This book was written as a self-teaching instrument. However, much of the material has been pre- tested in my courses at Purdue University. We're on a semester system, with 15 weeks in each semester. Because the introductory programming course is a two-semester sequence, I've written this book to fit those constraints.
Of the 15 weeks available each semester, about 13 weeks are available for instruction. (Exams, breaks, and vacations eat up the other two weeks.) Therefore, the text is comprised of 26 chapters. This means that an average of one chapter is to be covered each week. This is a very manageable reading load on the students. Because we use a lecture and lab approach in teaching this course, this sequencing works nicely for a two-semester course that meets for three hours per week.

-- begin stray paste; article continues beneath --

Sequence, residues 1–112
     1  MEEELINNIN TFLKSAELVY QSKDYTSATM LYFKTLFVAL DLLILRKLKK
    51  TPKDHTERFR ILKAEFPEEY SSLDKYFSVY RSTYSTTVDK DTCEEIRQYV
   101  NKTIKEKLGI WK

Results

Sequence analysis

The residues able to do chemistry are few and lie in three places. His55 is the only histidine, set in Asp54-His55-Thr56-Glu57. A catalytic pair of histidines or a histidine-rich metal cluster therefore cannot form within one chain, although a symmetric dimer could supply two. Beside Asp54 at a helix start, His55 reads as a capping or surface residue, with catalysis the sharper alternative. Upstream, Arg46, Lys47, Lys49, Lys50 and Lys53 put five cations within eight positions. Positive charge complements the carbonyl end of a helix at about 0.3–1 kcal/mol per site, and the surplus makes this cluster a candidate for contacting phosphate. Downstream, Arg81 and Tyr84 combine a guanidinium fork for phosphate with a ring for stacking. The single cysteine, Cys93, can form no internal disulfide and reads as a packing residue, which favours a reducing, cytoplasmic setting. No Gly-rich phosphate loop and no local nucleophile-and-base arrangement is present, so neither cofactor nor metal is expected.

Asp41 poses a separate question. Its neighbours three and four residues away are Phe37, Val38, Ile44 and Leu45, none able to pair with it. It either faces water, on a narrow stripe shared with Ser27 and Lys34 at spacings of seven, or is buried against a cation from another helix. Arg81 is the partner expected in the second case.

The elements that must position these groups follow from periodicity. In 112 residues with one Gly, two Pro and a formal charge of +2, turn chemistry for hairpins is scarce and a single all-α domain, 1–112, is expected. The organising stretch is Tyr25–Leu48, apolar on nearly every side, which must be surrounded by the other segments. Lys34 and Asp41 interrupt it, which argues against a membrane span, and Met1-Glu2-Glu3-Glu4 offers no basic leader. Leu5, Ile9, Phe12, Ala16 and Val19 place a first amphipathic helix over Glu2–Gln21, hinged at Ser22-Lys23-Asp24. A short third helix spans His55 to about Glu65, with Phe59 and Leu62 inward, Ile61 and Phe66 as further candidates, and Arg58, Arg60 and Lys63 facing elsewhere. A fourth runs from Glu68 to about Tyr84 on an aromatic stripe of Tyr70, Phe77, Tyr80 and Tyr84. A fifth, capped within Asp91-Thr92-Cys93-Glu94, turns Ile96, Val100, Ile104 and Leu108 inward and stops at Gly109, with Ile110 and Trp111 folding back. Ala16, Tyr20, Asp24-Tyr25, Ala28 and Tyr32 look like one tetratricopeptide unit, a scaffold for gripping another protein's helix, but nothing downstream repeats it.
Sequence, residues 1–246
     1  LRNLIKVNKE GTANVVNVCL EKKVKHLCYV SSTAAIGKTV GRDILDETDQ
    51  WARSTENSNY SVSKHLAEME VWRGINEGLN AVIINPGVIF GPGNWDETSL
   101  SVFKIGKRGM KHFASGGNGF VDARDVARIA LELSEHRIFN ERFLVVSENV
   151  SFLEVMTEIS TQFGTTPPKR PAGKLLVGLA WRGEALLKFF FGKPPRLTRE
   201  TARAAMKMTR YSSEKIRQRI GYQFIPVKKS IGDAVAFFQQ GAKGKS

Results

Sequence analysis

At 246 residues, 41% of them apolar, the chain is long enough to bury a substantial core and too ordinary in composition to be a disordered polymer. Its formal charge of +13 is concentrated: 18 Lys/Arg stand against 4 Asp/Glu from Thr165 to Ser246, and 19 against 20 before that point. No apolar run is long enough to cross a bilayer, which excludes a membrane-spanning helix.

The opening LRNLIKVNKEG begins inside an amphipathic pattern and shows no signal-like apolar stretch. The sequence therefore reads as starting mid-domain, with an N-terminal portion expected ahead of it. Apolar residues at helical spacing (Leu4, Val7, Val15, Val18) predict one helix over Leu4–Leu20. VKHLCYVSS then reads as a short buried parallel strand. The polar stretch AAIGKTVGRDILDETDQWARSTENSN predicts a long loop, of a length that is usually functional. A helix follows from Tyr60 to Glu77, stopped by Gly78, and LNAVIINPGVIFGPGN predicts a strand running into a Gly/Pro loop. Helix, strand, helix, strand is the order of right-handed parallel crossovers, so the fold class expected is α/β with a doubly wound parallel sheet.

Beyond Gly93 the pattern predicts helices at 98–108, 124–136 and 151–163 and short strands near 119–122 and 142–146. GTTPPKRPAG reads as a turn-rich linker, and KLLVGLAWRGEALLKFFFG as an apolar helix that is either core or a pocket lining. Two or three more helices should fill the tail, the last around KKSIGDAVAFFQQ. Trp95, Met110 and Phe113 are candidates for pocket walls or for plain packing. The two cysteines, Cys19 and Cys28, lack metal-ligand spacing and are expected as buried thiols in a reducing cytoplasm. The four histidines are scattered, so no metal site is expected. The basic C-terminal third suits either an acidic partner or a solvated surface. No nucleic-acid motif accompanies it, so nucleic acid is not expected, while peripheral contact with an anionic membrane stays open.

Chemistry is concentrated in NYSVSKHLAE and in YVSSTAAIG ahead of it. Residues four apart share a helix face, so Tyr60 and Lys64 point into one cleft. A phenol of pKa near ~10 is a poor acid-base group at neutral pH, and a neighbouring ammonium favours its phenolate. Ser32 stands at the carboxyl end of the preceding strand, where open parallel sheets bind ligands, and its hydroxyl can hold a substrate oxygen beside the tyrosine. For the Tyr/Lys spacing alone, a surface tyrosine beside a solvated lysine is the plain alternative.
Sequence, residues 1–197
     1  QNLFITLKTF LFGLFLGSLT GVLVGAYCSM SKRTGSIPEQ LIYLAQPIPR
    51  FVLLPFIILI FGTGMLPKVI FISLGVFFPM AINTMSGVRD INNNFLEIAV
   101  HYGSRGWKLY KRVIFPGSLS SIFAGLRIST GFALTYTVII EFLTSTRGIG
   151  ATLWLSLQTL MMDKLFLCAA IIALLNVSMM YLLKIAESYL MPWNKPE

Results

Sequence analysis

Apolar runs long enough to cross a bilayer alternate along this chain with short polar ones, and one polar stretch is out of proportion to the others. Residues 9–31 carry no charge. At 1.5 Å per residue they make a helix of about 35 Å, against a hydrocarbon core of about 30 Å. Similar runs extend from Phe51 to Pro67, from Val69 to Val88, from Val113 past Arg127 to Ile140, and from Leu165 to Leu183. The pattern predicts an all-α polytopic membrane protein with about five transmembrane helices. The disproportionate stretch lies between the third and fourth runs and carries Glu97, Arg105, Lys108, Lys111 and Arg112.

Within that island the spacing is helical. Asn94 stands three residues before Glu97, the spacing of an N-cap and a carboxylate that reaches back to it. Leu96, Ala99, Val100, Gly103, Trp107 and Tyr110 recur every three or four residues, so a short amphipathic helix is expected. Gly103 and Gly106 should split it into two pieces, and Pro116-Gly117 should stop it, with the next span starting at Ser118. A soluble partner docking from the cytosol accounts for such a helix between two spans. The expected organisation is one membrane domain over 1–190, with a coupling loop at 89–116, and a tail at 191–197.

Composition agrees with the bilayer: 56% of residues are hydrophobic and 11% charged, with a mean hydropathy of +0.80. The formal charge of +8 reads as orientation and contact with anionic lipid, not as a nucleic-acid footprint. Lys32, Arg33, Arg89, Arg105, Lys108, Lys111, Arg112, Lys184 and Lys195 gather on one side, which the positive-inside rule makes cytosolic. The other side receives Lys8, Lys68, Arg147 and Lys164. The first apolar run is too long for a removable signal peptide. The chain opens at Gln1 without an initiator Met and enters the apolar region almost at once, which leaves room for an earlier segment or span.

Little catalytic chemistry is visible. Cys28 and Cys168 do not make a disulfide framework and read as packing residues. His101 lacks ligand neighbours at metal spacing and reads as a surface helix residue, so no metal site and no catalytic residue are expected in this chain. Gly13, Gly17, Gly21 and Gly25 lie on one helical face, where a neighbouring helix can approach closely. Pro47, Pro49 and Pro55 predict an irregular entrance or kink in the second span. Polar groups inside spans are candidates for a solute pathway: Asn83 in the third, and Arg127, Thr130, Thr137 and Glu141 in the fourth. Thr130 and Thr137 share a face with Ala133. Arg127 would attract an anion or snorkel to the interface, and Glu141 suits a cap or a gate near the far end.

If you're in a teaching environment that involves four or five hours of instruction per week, it would be possible to cover the entire book in one semester.
For beginning programming students, the chapters should be read in sequence. Coding examples in one chapter likely draw on programming constructs discussed in earlier chapters. This is why I encourage you to read the entire text from start to finish.